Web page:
By: Julia Peterson, Local Journalism Initiative Reporter, The StarPhoenix

For the first time since the start of the COVID-19 pandemic, Métis Nation citizens and guests are holding their annual festival in person at Batoche.

Back to Batoche Days, which runs from Thursday to Sunday this year, are held on the national historic site of the Battle of Batoche during the 1885 Northwest Resistance.

The four days feature music, athletic competitions, theatre, traditional food, dancing and teaching on the land.

Attendees can show off their axe throwing, log sawing and rope winding skills in the Voyageur Games, attend bison harvesting demonstrations, learn how to make buttons, attend a play by Savage Society and dance to Métis music old and new.

Returning to the festival site after two years of virtual events is a moving moment for many Métis Nation citizens.

“The past two years have been a testament to the resiliency and courage of our citizens, but it has not been without sacrifice,” said Métis Nation-Saskatchewan president Glen McCallum. “Back to Batoche is always an opportunity to reconnect with friends and family and enjoy food, entertainment and dance while visiting and hearing stories.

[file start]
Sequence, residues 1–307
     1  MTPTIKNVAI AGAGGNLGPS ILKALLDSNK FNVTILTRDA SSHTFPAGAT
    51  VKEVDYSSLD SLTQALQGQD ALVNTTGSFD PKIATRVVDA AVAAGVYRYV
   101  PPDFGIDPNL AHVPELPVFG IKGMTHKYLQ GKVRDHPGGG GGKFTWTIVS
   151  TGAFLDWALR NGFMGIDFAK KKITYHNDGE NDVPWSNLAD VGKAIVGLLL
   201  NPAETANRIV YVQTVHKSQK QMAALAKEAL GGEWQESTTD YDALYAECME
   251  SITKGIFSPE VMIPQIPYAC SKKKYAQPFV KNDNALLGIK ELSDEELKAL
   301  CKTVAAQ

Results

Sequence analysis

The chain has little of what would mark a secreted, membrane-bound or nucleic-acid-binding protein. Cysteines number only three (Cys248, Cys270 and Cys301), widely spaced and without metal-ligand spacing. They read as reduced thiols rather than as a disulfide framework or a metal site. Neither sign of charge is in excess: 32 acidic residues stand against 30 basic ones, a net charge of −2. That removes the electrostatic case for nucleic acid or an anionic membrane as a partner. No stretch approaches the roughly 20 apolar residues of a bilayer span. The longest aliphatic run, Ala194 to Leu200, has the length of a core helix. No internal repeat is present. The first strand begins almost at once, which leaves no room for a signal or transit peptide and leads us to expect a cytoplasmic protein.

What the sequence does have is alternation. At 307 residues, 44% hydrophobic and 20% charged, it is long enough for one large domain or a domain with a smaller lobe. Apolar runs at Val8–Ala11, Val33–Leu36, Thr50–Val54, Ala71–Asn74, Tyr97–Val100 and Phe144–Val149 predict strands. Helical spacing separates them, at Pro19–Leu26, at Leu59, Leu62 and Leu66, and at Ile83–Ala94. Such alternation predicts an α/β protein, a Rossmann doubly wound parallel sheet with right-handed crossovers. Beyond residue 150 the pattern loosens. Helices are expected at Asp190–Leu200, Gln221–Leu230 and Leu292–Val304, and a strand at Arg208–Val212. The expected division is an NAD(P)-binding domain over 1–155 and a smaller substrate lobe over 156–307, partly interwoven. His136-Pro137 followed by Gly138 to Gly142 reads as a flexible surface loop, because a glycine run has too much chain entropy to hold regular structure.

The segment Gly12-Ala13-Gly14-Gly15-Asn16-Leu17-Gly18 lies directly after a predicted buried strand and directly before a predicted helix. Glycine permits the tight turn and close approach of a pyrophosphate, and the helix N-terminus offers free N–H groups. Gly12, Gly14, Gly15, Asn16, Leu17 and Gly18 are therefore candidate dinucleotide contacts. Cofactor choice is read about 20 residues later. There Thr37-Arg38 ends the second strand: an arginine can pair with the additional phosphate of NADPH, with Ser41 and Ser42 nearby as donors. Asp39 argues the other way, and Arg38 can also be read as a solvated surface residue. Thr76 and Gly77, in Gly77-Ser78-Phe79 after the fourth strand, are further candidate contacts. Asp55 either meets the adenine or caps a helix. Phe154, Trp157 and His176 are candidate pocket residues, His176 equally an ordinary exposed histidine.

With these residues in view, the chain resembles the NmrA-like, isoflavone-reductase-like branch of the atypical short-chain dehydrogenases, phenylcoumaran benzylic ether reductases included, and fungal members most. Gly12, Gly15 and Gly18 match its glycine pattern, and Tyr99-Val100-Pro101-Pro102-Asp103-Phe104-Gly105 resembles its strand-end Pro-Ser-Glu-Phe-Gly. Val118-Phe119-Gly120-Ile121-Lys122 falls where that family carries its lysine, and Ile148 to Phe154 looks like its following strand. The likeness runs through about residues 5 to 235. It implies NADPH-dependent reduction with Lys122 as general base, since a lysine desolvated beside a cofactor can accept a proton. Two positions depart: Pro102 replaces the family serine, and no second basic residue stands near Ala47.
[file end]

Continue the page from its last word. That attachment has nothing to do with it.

“This year’s festivities have special significance for us all because it marks 50 years of the festival coming back to Batoche.”

For people who can’t make it to Batoche in person, events on the main stage will also be live-streamed.

And this year, to honour loved ones lost during the pandemic, Métis Nation-Saskatchewan will be hosting a memorial ceremony at the historic graveyard in Batoche on Sunday, July 24.

People will be able to place the names of their loved ones in a special urn to be buried in the graveyard.

“With restrictions on gatherings over the past two years, many of us have not had the opportunity to come together to grieve for our loved ones and celebrate their lives as we would have traditionally done,” said McCallum. “This memorial will hopefully serve as an opportunity for people to properly say goodbye to those we lost during the pandemic.”

(Photo supplied by Metis Nation-Saskatchewan)